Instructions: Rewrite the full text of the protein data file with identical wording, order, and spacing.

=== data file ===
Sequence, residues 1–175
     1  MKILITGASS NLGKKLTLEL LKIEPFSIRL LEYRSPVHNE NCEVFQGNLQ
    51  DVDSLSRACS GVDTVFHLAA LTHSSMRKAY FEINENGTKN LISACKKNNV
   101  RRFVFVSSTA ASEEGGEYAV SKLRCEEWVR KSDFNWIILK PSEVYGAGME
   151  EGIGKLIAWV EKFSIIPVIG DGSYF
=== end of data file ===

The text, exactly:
Sequence, residues 1–175
     1  MKILITGASS NLGKKLTLEL LKIEPFSIRL LEYRSPVHNE NCEVFQGNLQ
    51  DVDSLSRACS GVDTVFHLAA LTHSSMRKAY FEINENGTKN LISACKKNNV
   101  RRFVFVSSTA ASEEGGEYAV SKLRCEEWVR KSDFNWIILK PSEVYGAGME
   151  EGIGKLIAWV EKFSIIPVIG DGSYF